The Rushingbrook Children’s Choir was stopped by police while singing the National Anthem in Statuary Hall at the United States Capitol because it was deemed a “prohibited form of protest.”
The children’s choir had received prior approval to sing a short set of patriotic songs, including the National Anthem, inside the historic Statuary Hall.
However, the choir was stopped by Capitol Police while singing The Star-Spangled Banner.
The abrupt interruption stunned the young performers and the choir director.
The Capitol Police refused to allow the children to finish the song because singing the national anthem at the nation’s Capitol is considered a form of protest, The Gateway Pundit reported.
South Carolina’s representatives, Russell Fry, Joe Wilson, and William Timmons, were involved in granting the choir approval to enter the Capitol and had given support to the performance.
Congressman Joe Wilson expressed outrage after learning of the incident.
Despite engaging with staff to resolve the matter, no solution could be reached,
“We’ve been stopped in the middle of the Star Spangled Banner while here in the Capitol even though we were approved for this concert,” said Christina Chapman Heffernan.
“Certain Capitol police said it might offend someone/cause issues. We respect authority, but we should have been allowed to sing because of the multi-level approval we already got from 3 representatives involved: Russell Fry, Joe Wilson, and William Timmons,” she added.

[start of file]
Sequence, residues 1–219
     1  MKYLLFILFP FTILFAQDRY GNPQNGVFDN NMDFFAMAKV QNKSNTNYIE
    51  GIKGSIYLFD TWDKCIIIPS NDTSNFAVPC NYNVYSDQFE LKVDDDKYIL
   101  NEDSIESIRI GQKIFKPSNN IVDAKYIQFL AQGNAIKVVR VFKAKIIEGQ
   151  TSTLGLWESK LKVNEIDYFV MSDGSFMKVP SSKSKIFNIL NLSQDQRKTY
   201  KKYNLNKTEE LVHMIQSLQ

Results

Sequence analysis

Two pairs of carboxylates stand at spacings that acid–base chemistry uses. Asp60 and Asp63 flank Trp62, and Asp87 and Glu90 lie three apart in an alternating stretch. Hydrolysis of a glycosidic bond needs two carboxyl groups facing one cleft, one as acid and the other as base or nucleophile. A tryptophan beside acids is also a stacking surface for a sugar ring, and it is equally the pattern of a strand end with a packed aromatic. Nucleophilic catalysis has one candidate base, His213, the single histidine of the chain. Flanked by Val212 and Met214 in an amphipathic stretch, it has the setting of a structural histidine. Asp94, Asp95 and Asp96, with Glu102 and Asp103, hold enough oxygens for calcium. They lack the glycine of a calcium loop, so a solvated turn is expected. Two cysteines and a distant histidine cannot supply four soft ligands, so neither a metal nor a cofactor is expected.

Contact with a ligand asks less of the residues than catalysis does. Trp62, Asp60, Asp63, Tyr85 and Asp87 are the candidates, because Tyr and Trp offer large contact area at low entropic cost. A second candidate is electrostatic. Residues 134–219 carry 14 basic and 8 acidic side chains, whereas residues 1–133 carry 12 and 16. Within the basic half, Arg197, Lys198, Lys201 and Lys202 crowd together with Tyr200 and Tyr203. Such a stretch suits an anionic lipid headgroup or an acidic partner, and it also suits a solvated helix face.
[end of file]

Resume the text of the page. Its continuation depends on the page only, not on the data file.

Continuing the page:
“The visit and Choir performance was all planned and approved… but it’s possible that there was some type of “permit” or communication mixup,” said Matthew Leys.
“Either way… the kids sang brilliantly; Capitol Police not even letting them complete the song and trying to explain that singing the Anthem could be considered a form of protest is telling and embarrassing; when you need a permit to sing your National Anthem in your nation’s Capitol, something’s gone wrong,” he added.
The shocking incident raises concerns as to why a permit to sing the National Anthem is needed, which is a symbol of national pride, in the halls that are supposed to represent American democracy.
One concerned citizen commented, “You are U.S. citizens in a public place exercising the right of free speech. Stopping the kids from signing the national anthem is no different than stopping you from waving the U.S. Flag. You were clearly denied constitutional rights—an issue you can sue in civil court over.”
The incident is now under investigation, and efforts are being made to gather further information surrounding the interruption.
“We’re working on gathering info for now. We’d gotten permission from some SC congressmen and had also gotten it cleared by the Speaker of the House’s office. Once we have more info, we’ll know better how to proceed,” said Debbie Baughman Davis.
SC State House Representative Adam Morgan released the following statement after the incident:
“The fact that our National Anthem could ever be considered “offensive” in our nation’s Capital is a stinging reminder of the challenges we face as a Republic….”